I don’t know this to be the case with Rules Don’t Apply, but it sure feels like it because there is so clearly a different film with more fully realized characters and a coherent story begging to break out here. Instead of getting that, though, we get one choppy editing decision after another, as if an argument broke out in the editing room over whether or not this was a movie about Hughes or about Ehrenreich and Collins’ characters and neither side won. As a result, the film abruptly cuts from one scene to the next with such rapidity I honestly thought something had gone wrong in the projection booth in my theater, like they had somehow set the film on fast-forward without actually speeding up any of the dialogue (if that was possible).
I admit I initially found this intriguing – a historical biopic with MTV-esque zero attention span editing? Interesting. Let’s see where you’re going with this. It certainly allowed them to quickly plow through a considerable amount of exposition and story setup. However, the technique quickly grows tiresome, especially as it distracts from the plot and characters and lacks any real discipline, allowing years to fly by without explanation as we follow Hughes fleeing from one tax shelter to the next.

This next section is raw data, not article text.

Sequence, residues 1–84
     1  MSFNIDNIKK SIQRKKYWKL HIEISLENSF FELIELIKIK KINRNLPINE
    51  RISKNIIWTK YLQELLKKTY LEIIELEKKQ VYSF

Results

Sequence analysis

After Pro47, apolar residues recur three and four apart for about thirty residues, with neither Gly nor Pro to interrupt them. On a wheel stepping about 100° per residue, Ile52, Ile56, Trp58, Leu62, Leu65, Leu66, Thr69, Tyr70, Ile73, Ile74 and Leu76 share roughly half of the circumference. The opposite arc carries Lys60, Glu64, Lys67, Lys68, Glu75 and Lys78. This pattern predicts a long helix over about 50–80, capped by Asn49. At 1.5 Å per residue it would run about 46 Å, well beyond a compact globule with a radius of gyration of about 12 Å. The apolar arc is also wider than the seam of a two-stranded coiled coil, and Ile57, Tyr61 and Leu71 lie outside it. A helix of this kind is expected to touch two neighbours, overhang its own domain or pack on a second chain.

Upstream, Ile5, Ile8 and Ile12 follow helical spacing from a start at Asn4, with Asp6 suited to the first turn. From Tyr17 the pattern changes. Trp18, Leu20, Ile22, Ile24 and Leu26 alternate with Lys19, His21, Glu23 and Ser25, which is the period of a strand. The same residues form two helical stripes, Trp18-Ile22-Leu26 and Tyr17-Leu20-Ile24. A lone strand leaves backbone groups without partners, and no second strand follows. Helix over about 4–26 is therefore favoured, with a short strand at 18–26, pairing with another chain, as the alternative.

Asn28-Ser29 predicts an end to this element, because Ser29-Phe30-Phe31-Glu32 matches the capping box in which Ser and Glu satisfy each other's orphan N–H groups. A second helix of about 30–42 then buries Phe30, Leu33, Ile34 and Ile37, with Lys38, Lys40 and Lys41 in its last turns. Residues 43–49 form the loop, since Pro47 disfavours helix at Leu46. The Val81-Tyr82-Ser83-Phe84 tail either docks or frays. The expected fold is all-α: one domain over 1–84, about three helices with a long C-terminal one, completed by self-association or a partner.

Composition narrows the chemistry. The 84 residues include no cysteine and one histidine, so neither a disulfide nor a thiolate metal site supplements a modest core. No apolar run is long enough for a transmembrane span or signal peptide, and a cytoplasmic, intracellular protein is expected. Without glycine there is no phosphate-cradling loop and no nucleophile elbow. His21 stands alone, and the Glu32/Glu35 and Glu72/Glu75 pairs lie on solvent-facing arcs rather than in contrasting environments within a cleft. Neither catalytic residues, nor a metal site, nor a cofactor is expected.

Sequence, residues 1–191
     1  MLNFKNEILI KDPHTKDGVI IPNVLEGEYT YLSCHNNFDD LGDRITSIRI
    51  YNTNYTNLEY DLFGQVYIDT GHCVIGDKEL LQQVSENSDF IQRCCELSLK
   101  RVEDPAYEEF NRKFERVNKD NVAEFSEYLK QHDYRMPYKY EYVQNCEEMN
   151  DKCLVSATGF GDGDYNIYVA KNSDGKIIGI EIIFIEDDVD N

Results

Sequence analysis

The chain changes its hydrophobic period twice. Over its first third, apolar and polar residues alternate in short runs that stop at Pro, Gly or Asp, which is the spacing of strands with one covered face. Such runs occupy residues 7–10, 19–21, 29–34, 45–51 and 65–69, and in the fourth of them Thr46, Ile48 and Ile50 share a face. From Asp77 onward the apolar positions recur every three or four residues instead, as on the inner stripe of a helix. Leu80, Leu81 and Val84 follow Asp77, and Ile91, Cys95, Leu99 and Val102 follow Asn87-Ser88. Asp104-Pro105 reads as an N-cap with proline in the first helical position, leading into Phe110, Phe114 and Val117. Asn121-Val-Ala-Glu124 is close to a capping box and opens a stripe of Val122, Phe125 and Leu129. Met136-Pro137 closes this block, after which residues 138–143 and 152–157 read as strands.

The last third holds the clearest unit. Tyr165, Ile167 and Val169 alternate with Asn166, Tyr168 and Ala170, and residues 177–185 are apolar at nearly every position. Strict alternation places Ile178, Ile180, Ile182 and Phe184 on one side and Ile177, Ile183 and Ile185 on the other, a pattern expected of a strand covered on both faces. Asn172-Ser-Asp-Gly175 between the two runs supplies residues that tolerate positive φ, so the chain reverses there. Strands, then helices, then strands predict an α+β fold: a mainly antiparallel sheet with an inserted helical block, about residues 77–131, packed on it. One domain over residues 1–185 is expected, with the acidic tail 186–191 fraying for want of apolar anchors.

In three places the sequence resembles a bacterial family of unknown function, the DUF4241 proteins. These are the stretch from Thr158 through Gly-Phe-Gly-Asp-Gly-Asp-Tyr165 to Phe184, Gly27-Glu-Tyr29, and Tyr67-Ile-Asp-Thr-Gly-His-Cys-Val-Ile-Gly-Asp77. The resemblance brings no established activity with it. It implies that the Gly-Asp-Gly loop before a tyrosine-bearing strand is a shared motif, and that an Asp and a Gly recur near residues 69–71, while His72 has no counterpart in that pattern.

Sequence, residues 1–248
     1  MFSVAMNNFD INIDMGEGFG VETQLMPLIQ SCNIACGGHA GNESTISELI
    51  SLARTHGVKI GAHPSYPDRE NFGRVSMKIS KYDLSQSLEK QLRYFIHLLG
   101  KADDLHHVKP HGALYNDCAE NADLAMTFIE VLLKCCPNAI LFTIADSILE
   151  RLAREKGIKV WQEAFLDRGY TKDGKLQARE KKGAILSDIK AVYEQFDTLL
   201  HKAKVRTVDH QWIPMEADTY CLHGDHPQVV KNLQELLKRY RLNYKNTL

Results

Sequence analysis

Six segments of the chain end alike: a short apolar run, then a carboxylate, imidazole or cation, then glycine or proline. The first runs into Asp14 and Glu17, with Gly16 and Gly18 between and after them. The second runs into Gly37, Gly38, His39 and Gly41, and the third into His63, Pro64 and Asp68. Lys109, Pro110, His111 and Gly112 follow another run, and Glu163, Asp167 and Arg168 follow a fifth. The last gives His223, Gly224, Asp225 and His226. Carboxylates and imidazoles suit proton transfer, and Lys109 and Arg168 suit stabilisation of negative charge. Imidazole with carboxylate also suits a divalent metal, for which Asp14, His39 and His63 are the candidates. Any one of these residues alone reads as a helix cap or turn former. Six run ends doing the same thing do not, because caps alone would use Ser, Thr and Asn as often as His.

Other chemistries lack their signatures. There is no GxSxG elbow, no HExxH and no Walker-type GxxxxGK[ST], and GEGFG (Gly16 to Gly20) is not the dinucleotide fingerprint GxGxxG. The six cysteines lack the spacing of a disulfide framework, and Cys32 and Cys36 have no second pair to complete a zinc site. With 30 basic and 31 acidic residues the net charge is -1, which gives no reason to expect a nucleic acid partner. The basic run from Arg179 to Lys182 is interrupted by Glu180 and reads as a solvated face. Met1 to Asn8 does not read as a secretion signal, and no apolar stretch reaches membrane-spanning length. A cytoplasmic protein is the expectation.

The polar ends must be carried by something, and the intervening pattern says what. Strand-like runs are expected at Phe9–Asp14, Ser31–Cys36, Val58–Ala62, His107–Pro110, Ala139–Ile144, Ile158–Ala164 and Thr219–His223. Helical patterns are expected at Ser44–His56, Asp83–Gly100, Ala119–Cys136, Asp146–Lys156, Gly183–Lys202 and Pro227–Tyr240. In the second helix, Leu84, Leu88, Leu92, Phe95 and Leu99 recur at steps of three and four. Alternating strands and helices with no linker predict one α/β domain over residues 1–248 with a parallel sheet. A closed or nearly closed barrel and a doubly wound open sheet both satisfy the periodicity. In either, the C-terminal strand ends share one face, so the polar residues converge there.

It’s not just the scene transitions that suffer though. Some of the individual scenes have also been hacked to death or simply seen incompetent, such as the terrible continuity displayed during one dinner scene when Matthew Broderick’s (as Ehrenreich’s superior) hands radically shift position from one reverse shot to the next. Of course, that’s not the type of thing you’re supposed to notice and/or care about, but it is so egregious throughout Rules Don’t Apply it’s hard not be distracted by it.
So, when overwrought pieces of musical score come and go with no organic set-up, suddenly overwhelming a love scene or poking you in the ribs with “gosh, it must have sucked working for ole Mr. Hughes, huh” humor, you just go with it because with Rules Don’t Apply that kind of thing is par for the course. Mostly, though, you’re just desperate for it to finally end.